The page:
10 HOW TO BEHAVE IN COURT subpoenaed for the case and, if there are, how you can access these. The Judge s Associate or the Registry office should be able to help you with this. You may be able to photocopy some of these documents. Some of them you might only be able to look at, but not photocopy. Remember to bring along money for the photocopier! Documents that I must remember to take with me to Court are: Documents: Copies: Courts can feel very intimidating when you are not used to them. But if you keep a few simple rules in mind about what is expected of you, then the whole setting will be a little less overwhelming. What to wear: There are no rules about what to wear, but it is worth remembering that courts are formal places, and so dressing neatly is important. But you should also dress in a way that will help you to feel comfortable. Acknowledging the Judge: Whenever you go into the courtroom, and whenever you leave, it is polite to acknowledge the Judge by pausing in the doorway and nodding towards them. What to call the Judge: You should call the Judge Your Honour. When to stand, when to sit, when to speak: Sometimes the rules about when to sit and when to stand can seem confusing. Here are the main things to keep in mind: You should stand when the Judge enters the courtroom and when they leave. You should also stand whenever you are talking to the Judge or whenever the Judge is talking to you. You should generally only speak when you are asked a question or when the Judge asks you to speak. You should never interrupt the Judge when they are speaking. Other things to remember: There are a few other things to keep in mind: Remember to turn your phone off before you go into the courtroom. 19 Court Network 20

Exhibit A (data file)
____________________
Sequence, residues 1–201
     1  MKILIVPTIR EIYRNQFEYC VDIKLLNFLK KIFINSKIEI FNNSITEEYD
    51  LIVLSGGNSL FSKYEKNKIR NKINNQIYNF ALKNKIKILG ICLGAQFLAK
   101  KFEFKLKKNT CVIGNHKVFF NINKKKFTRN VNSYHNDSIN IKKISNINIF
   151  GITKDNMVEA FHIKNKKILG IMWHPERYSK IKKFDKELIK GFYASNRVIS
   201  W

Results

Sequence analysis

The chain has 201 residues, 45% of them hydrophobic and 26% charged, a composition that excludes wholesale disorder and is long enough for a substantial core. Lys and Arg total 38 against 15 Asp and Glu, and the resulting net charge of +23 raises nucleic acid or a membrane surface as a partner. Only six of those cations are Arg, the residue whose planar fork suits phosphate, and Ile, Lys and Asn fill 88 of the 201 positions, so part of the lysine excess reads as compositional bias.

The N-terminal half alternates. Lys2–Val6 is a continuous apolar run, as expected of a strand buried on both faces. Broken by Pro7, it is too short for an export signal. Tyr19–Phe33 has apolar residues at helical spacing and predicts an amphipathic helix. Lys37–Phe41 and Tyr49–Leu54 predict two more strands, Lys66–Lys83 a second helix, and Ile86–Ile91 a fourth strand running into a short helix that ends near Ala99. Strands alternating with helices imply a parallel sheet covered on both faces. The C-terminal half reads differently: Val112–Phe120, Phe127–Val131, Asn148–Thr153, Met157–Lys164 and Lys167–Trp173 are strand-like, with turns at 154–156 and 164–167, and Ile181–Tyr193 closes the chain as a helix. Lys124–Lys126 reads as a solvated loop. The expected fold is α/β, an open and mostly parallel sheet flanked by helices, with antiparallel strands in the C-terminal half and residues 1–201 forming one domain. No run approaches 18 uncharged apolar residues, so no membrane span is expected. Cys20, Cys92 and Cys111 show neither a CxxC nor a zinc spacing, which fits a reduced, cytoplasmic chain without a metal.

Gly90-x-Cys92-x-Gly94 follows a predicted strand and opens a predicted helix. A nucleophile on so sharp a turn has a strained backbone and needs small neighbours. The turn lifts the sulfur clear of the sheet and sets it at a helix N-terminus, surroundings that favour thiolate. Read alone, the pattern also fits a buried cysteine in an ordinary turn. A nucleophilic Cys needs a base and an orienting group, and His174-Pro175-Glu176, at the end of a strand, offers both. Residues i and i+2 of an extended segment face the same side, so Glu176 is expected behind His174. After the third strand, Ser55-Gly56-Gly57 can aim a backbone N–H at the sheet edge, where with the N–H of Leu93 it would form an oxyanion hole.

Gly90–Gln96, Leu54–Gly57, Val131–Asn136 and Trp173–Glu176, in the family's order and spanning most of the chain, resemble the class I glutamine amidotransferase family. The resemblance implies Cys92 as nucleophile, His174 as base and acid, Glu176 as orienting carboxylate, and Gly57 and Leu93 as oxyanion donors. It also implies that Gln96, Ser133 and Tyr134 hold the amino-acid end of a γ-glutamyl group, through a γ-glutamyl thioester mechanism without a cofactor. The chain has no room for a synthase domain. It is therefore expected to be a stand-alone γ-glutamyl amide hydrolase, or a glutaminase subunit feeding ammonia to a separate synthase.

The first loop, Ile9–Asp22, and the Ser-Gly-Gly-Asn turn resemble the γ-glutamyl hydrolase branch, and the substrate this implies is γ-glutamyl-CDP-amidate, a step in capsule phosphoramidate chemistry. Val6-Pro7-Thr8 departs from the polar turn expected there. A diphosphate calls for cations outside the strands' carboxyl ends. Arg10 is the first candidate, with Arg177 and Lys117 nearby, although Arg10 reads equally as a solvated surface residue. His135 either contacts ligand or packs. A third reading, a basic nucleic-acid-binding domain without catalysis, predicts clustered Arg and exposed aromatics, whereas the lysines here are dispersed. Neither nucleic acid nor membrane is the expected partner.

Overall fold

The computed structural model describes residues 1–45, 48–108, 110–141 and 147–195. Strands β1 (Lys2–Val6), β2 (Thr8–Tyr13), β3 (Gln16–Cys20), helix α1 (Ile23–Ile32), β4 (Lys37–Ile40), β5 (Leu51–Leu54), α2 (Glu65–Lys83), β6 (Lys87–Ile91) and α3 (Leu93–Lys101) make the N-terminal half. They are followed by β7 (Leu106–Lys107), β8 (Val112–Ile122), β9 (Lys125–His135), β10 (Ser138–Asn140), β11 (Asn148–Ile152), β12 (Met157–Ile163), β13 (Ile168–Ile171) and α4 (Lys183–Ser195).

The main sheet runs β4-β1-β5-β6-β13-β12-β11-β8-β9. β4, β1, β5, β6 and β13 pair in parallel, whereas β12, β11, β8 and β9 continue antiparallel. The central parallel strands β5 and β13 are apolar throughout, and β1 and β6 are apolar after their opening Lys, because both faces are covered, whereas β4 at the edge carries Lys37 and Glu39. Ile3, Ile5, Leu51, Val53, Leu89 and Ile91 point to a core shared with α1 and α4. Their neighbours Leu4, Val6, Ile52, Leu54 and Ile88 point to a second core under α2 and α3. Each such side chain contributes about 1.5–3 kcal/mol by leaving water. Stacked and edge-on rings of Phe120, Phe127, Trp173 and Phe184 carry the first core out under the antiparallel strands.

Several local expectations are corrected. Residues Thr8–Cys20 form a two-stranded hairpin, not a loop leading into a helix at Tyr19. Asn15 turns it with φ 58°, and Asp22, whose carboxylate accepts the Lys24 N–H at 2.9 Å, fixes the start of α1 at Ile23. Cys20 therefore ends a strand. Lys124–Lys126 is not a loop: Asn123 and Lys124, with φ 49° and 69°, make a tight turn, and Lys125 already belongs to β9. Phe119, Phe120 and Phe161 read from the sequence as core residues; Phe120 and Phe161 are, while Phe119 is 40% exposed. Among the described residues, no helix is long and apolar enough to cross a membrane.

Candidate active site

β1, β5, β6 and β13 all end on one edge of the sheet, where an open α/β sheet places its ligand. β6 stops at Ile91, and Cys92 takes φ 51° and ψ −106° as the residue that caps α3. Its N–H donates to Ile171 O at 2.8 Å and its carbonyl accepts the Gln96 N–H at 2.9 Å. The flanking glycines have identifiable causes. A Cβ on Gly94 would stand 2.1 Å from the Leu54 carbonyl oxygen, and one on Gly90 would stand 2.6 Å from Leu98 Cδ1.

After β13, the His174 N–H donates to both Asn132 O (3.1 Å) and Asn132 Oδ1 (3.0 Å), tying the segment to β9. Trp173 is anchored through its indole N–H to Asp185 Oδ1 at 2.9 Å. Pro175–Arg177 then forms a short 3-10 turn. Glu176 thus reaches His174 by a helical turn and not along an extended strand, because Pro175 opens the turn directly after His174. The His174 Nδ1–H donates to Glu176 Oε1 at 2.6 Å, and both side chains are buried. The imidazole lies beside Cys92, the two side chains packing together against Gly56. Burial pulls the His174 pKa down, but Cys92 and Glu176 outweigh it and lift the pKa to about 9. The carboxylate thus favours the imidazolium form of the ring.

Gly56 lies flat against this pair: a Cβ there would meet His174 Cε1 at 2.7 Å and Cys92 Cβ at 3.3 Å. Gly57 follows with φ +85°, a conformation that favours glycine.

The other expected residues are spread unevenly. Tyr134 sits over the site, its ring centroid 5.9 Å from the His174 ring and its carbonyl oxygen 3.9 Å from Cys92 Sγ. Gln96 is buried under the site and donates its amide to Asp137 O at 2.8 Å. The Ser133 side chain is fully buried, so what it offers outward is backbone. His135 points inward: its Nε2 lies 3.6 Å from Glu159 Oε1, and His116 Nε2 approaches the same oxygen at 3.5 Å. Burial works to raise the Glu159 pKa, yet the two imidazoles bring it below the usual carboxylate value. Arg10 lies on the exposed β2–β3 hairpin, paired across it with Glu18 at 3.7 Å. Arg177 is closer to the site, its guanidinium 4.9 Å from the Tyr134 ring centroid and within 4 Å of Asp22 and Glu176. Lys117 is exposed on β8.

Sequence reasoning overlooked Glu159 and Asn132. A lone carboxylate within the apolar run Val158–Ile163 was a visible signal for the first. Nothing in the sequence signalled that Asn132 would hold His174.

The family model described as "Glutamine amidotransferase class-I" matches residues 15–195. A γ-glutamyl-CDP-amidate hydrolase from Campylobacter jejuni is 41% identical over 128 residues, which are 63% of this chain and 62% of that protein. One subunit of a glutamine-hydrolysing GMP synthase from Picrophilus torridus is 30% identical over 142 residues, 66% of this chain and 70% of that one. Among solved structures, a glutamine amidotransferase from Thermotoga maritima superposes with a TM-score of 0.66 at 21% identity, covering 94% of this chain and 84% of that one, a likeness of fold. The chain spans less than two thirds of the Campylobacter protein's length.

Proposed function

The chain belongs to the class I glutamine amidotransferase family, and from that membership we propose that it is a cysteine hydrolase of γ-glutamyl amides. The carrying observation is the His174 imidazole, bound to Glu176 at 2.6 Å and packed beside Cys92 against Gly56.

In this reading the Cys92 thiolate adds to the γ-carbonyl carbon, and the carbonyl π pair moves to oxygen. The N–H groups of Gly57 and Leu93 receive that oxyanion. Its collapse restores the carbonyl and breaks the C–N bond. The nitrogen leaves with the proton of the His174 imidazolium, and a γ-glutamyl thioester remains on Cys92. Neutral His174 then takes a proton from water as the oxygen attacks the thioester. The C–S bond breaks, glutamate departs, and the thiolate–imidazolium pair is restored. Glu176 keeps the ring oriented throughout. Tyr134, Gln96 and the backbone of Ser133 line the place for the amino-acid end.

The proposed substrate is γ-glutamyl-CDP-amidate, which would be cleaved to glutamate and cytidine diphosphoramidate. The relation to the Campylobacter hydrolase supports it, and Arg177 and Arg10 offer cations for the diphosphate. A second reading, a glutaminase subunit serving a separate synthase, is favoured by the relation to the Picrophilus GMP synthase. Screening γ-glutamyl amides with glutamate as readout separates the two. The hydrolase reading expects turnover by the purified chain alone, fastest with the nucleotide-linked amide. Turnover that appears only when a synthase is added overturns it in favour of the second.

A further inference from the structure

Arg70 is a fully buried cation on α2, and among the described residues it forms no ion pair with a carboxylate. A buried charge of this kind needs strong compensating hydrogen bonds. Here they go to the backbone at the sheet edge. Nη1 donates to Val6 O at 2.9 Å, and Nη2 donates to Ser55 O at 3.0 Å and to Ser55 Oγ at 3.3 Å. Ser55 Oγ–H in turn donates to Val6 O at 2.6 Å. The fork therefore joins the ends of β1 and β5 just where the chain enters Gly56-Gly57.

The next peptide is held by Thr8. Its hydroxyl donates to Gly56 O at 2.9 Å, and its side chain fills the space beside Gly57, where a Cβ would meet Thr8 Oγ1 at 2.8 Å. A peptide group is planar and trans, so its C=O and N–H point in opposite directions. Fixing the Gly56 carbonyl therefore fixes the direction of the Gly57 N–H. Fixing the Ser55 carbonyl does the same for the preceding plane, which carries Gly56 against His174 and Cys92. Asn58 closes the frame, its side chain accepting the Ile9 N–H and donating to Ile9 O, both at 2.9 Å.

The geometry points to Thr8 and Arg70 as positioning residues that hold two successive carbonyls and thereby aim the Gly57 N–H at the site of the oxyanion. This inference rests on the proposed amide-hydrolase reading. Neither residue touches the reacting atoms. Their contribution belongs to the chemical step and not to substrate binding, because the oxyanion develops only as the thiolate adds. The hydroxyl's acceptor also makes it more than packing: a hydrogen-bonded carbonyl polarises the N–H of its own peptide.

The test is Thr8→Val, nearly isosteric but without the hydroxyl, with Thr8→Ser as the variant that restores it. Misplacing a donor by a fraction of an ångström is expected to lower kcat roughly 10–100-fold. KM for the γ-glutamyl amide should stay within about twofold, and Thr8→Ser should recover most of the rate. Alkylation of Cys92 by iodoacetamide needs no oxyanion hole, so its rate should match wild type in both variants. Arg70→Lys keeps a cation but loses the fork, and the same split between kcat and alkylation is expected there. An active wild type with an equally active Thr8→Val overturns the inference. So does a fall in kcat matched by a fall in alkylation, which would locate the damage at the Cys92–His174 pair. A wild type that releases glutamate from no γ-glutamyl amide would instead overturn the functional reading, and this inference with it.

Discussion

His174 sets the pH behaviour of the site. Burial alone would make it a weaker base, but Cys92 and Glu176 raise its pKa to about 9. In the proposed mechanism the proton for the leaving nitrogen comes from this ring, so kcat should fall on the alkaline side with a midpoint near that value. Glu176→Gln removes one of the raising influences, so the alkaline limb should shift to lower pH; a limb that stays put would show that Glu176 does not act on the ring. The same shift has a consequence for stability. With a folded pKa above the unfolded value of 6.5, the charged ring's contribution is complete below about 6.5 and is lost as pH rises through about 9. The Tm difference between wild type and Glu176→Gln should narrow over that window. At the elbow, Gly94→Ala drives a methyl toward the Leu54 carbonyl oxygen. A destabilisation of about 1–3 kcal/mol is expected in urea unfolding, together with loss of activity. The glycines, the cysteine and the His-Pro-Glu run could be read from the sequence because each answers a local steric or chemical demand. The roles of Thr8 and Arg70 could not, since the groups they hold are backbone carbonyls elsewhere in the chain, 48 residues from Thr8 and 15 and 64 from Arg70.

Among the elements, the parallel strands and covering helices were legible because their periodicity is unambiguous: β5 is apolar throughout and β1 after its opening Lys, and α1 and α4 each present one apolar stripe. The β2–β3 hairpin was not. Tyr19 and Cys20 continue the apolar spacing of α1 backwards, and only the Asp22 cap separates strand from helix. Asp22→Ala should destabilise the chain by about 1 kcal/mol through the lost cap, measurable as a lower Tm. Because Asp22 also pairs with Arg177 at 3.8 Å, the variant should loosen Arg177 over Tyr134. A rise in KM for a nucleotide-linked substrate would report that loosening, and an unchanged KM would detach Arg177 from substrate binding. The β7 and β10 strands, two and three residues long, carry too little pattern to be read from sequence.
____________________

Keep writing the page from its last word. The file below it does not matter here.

11 WHAT HAPPENS AT COURT Don t bring any food or drink into the courtroom with you, and do not chew gum during the Hearing. Unless you have to wear a head covering for religious reasons, you should remove any hats or head scarves before you go into Court. You should not wear sunglasses in Court, unless you need to wear them because of issues with your eyesight. Do not put bags on the bar table. The bar table should only be used for documents and paper for taking notes. When you arrive at Court, you should first tell one of the Registry staff that you have arrived, and that you do not have a lawyer. They will be able to tell you which courtroom your case will be heard in and the name of the Judge who will be hearing it. This information is also available on the Court notice board. In most courtrooms this will be near the entrance. It is important to go into the courtroom a little bit before AM and introduce yourself to the Judge s Associate, and again explain that you do not have a lawyer. You should then wait in the courtroom while the Judge arrives and plans what order the day s cases will be heard in. This way the Judge will know that you are there. If you don t want to stay in the courtroom and watch other cases before yours is heard, you should stay near the courtroom so that you are there and ready to go in when your case is heard. If you want to stay, you can sit in the public gallery to watch other cases that are on before yours. You should only do this if you think it will be helpful for you in knowing how things work in the courtroom. You should not do it if you think it will make you feel more stressed and anxious. Remember - everyone is different and every case is different, but the general process that the Court goes through is much the same from one case to the next. Final Hearings are usually listed for AM. When the Judge arrives in the courtroom, they will work out which cases to hear first. This decision is made on the basis of a whole range of things, such as: How complex the case seems. How long the case is likely to take. Who is ready to go into Court. Whether or not it seems likely that the parties might be able to come to their own agreement by talking with each other first. 21 Court Network 22